Attitude Makeover: Manipulative
In This Article:
Beware: Confronting kids with their deceptions long after the fact ("Your teacher last year said you had cheated" or "Remember when you lied to me about your chores last month?") is useless. For consequences to be effective in curbing bad attitudes, they must be enforced immediately and fit the crime. I always think the best consequences are ones that also right the kid's wrong. With that said, here are some consequences that help kids tune up their moral attitudes, face their wrongdoing, as well as learn that manipulation is not acceptable:
"If you take something, you will return it to the owner with an apology."
"If you break something, you will pay for it out of your earned money."
"If you are dishonest, you owe the person a sincere apology as an admission of your wrongdoing."
"If you got out of a responsibility through deception [such as practice or a chore], you owe that time by doing that practice or chore."
Don't expect your manipulator to immediately get the connection between the enforced consequence and the moral message you're trying to instill. He will in time. Right now, a manipulator needs to recognize that any time he commits an ethical infraction (such as a dishonest, manipulative act), he must make face his wrong and try to make things right. If he doesn't get it at first, he will eventually because you will continue to hold him accountable.
The First 21 Days
Immediately begin a No Excuse, No Blame Policy in your home. Manipulators rarely accept responsibility it's always someone else's fault, they think, and so they make up excuses and fault others for their oversights. "How am I supposed to remember? It's your fault." "The coach didn't tell me." "The teacher should have reminded me." Don't allow it. Instead announce that the new operating premise in your home will always be honesty and accountability. Here's how to begin:
- Gather the masses and state your policy: "From this moment on, no excuses or blaming others are allowed. Everyone is responsible for his or her own actions, duties, work, and schedule." Be really clear on this one: you will not rescue, write an excuse, or do their tasks.
- Brainstorm the most common issues that cause you, your partner, or the kids to make up excuses and blame others for. A typical list might include: "forgotten" dentist appointments, chores, video rentals, oboe practice, school testing days, homework, and money for lunches.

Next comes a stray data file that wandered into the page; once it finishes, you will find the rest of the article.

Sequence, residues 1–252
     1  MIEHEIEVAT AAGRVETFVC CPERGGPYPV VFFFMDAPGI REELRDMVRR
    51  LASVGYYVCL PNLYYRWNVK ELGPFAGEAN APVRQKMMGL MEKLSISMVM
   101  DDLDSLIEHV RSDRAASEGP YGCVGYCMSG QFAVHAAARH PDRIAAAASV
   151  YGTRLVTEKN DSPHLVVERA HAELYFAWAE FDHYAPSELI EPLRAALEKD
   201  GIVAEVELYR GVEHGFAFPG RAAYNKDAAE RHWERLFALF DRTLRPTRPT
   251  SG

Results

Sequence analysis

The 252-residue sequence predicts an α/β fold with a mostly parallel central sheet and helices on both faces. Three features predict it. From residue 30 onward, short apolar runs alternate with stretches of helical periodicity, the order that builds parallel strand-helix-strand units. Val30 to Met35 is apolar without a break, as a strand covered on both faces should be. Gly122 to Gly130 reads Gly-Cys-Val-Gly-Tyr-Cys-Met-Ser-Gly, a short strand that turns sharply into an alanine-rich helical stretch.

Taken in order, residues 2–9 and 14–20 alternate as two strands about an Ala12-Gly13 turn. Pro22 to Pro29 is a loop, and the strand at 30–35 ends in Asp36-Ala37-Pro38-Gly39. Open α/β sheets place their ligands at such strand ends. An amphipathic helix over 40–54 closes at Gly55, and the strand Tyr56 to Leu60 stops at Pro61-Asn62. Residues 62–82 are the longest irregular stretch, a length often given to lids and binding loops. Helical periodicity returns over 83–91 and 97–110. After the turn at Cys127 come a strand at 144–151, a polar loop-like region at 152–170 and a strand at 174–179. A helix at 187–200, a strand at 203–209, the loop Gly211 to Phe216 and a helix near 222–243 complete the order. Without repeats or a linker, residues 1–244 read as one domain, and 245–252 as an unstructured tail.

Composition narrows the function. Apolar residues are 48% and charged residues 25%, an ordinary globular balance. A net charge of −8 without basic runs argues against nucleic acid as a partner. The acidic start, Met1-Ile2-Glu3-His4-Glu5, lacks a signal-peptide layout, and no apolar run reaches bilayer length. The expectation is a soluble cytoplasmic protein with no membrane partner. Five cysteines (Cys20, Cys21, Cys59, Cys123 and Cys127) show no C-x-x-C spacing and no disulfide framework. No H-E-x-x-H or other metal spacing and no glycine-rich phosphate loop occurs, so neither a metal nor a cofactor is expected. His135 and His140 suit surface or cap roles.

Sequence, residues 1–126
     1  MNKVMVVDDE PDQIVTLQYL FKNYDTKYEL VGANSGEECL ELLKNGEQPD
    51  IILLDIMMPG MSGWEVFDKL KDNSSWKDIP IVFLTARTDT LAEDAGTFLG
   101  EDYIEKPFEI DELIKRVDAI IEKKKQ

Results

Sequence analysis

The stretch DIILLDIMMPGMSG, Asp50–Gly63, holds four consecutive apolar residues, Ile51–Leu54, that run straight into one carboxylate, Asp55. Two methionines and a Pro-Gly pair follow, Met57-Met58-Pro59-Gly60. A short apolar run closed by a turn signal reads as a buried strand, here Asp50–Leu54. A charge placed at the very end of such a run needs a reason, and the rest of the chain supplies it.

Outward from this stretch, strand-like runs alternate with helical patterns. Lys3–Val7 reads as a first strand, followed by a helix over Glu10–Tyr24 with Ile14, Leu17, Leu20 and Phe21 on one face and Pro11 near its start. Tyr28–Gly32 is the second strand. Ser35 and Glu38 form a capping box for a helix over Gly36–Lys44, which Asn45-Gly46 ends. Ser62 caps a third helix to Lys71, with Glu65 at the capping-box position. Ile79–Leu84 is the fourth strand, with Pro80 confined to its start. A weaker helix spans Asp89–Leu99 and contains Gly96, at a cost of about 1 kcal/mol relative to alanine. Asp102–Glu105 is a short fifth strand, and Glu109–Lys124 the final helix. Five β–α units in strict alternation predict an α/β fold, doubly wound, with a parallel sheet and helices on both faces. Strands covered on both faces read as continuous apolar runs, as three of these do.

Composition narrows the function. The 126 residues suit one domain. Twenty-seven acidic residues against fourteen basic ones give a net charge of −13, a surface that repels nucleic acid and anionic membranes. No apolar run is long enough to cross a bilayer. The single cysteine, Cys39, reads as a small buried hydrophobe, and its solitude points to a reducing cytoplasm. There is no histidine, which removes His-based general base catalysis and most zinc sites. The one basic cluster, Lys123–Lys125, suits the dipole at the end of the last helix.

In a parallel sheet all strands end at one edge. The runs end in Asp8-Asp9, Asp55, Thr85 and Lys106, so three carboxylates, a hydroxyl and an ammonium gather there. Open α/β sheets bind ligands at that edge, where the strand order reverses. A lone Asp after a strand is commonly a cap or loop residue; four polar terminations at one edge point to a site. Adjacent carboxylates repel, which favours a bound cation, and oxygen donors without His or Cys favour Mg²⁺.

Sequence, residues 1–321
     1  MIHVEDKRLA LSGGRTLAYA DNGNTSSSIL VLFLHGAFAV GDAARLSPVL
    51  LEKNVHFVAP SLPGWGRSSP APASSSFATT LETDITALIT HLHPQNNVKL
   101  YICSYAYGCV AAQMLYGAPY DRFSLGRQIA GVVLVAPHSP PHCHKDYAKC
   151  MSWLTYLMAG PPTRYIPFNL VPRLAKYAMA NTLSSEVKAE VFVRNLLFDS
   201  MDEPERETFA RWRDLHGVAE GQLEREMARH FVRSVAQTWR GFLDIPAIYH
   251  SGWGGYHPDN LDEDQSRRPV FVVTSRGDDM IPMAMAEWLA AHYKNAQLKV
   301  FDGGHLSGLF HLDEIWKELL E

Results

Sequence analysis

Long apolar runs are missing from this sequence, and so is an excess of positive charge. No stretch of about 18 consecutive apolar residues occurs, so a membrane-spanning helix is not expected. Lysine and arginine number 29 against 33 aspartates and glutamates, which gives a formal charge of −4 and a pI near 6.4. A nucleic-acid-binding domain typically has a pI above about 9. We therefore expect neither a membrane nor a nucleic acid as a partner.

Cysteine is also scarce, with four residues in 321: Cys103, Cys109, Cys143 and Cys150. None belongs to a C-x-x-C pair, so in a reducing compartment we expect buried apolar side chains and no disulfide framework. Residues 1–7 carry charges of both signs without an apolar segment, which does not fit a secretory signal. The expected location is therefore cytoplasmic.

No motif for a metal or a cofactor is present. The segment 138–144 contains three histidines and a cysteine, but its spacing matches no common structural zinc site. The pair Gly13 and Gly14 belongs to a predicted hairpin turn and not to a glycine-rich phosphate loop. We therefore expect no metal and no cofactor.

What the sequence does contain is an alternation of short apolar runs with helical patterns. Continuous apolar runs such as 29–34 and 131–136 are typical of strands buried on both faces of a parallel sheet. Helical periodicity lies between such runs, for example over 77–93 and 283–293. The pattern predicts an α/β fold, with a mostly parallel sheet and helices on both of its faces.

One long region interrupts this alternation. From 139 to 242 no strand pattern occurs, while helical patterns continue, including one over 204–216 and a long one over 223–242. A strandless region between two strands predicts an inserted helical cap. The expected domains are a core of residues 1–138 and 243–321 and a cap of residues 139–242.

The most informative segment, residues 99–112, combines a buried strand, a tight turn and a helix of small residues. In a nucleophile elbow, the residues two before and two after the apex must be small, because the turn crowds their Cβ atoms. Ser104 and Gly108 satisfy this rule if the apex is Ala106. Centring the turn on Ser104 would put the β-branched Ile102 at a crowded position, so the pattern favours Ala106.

- Make a chart, checklist, or schedule so everyone is clear on their responsibilities, and kids (and parents) can't use manipulative tactics like excuses or blaming others if they "forgot." Post it on the refrigerator so everyone sees it, and you can refer to it as "proof" when needed. Picture charts can be substituted for younger manipulators. Here are a few ideas:
Charts. List chores, expectations, and rules.
Calendars. Write personal schedules (appointments, homework schedules, practices, recitals, parties, events, library book due notices). Consider purchasing a weekly or monthly calendar printed on a white board. You can then write on it again and again with washable pens.
Contracts. Put behavior agreements and consequences for manipulation infractions in writing. All relevant parties should sign it.
Refrigerator magnets. Purchase one magnet per family member. Any special events, notices, or reminders are then clipped to the magnet and remain visibly on the refrigerator. Hint: Sometimes the best reminder is a single word written on a note card and attached to the magnet: "Chores." "Homework."
Attitude Makeover Pledge
How will you use these steps to stop your kid's manipulative attitude and achieve long-term change? On the lines below, write exactly what you agree to do within the next twenty-four hours to begin changing your kid's attitude so he is less manipulative and more honest and forthright.
From Don't Give Me That Attitude by Michele Borba, Ed.D. Copyright © 2004 by Michele Borba. All rights reserved. Used by arrangement with John Wiley & Sons, Inc.
Buy the book at www.amazon.com.